Go to content


Columns

Opinion pieces on business & economic issues

PARK Hyun-Soo

Korea-US FTA: There Will Be Some Pain alongside Enormous Gain

Apr. 3, 2007

email Print

Negotiation is meant to be a give and take; thus it's impossible to win everything and lose nothing. Some sectors will benefit and others will not - that's natural.

The direct impact of the free trade agreement will be found in easier access for Korean products to the United States, the world's biggest market. Removal of or relief from tariffs is expected to help enhance the price competitiveness of Korean goods exported to the United States. Although some say the lower tariffs will result in few benefits because of the small degree of the reduction, even a minor price cut can have a substantial influence in the huge U.S. market, where products from all over the world compete against each other.

Increased demand for certain goods in the U.S. market is also expected to bolster investment by Korean companies, because stable demand fundamentals will reduce uncertainty and boost capital spending. Obtaining a stable source of demand for high value-added products will induce brisk investments in next-generation growth engines that require large-scale investments. Enlarged investments will in turn create a virtuous circle, revitalizing the local economy.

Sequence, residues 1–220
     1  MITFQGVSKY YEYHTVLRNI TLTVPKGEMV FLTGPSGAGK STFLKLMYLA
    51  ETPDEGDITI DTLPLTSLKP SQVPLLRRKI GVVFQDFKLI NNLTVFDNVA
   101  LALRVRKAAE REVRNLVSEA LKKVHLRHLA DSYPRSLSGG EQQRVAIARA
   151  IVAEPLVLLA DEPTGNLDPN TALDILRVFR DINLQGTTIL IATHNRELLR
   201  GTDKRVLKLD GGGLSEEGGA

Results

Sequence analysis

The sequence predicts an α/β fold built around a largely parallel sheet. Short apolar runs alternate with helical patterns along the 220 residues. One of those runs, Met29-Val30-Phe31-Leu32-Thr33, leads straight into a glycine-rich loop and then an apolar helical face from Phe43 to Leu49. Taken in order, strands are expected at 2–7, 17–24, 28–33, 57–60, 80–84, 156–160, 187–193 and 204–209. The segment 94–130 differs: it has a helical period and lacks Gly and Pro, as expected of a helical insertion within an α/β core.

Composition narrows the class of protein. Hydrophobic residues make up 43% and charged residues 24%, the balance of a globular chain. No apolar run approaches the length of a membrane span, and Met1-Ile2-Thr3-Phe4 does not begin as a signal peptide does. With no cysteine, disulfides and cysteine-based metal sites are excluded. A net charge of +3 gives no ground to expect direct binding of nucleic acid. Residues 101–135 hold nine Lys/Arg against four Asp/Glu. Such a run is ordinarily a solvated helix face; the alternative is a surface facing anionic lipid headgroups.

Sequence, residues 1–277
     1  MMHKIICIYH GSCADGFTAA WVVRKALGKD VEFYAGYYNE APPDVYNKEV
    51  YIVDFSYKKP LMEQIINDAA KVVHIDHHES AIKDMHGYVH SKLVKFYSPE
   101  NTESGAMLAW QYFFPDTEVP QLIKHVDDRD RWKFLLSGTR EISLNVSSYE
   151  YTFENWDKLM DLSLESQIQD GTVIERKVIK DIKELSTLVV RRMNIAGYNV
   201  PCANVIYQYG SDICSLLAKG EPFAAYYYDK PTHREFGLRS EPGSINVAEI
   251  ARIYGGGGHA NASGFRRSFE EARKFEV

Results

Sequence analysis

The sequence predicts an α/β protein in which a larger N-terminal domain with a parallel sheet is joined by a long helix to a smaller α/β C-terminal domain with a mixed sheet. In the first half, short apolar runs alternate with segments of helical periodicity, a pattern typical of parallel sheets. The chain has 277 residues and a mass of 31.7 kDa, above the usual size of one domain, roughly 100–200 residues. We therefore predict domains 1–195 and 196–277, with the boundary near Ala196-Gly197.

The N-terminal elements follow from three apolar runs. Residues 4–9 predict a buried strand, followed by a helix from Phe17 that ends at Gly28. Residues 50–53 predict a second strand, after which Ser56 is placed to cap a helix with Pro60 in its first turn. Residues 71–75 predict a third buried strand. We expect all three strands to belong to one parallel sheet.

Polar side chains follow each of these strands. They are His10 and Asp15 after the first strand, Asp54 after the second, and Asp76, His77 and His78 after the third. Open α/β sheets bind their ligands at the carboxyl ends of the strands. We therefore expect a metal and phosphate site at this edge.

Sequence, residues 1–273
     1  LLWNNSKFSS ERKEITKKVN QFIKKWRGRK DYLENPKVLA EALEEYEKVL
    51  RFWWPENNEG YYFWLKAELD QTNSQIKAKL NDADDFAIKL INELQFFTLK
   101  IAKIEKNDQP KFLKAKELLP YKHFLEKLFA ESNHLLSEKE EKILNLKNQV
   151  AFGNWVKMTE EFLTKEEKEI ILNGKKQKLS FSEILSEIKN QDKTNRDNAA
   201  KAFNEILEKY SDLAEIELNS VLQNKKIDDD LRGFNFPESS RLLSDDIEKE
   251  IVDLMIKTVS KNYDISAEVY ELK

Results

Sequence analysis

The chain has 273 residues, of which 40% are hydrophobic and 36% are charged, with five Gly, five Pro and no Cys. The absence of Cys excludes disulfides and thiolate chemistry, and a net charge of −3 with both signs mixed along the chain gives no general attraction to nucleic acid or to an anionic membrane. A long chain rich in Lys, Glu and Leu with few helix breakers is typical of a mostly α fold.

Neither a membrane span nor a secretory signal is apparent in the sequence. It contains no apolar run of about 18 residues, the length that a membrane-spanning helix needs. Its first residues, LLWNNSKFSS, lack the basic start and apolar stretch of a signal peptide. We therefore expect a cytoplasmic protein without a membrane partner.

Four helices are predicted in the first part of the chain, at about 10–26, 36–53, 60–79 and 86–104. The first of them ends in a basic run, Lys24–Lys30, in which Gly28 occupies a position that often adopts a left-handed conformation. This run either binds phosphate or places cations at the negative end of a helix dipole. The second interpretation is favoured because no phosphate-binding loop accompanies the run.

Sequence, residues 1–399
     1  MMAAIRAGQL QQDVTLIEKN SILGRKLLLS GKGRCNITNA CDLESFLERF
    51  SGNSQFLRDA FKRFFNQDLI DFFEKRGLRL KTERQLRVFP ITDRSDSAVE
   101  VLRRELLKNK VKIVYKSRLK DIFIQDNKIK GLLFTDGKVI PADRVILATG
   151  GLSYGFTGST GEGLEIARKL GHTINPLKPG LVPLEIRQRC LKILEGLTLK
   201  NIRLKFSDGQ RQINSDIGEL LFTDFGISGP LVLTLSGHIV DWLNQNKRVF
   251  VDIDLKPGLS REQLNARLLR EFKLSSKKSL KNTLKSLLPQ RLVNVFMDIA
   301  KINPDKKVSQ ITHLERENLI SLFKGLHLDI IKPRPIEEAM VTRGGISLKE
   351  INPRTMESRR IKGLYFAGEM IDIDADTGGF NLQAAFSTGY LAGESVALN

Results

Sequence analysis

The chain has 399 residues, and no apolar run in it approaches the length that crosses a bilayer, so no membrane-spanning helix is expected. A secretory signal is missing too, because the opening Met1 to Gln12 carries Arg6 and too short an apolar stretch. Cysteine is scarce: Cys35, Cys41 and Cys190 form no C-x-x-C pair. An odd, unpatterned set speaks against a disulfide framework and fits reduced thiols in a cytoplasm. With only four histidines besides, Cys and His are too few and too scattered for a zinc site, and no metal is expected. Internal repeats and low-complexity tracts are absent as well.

Meanwhile, imports of U.S. products into Korea will increase in accordance with a rise in Korean exports. That will lower the prices of imported goods, contributing benefits to consumers.

Although the consumer surplus has not drawn attention in the process of negotiations, it could have the biggest impact on the domestic economy. Fighting against imported goods, Korean industries will improve their competitiveness. But it is regrettable that the legal and accounting sectors will have a lower degree of market opening than previously anticipated.

As the agreement aims to enhance industrial competitiveness through intensified rivalry among industries, it will inevitably make some companies or industries suffer in the process.

In the market economy, companies with lower competitiveness will naturally be harmed and fear of liquidation will force companies to enhance their efficiency. Some governmental support will be required for those companies that are too badly affected. Rather than providing indiscriminate and unconditional aid for them, the government will have to introduce strategic policies in a way that can induce them to switch their industrial sectors or increase their competitiveness.

Reprinted from Joongang Daily.

The writer is a research fellow at the global research Department, Samsung Economic Research Institute. Inquiries on this article should be addressed to serihs.park@samsung.com.

Go to list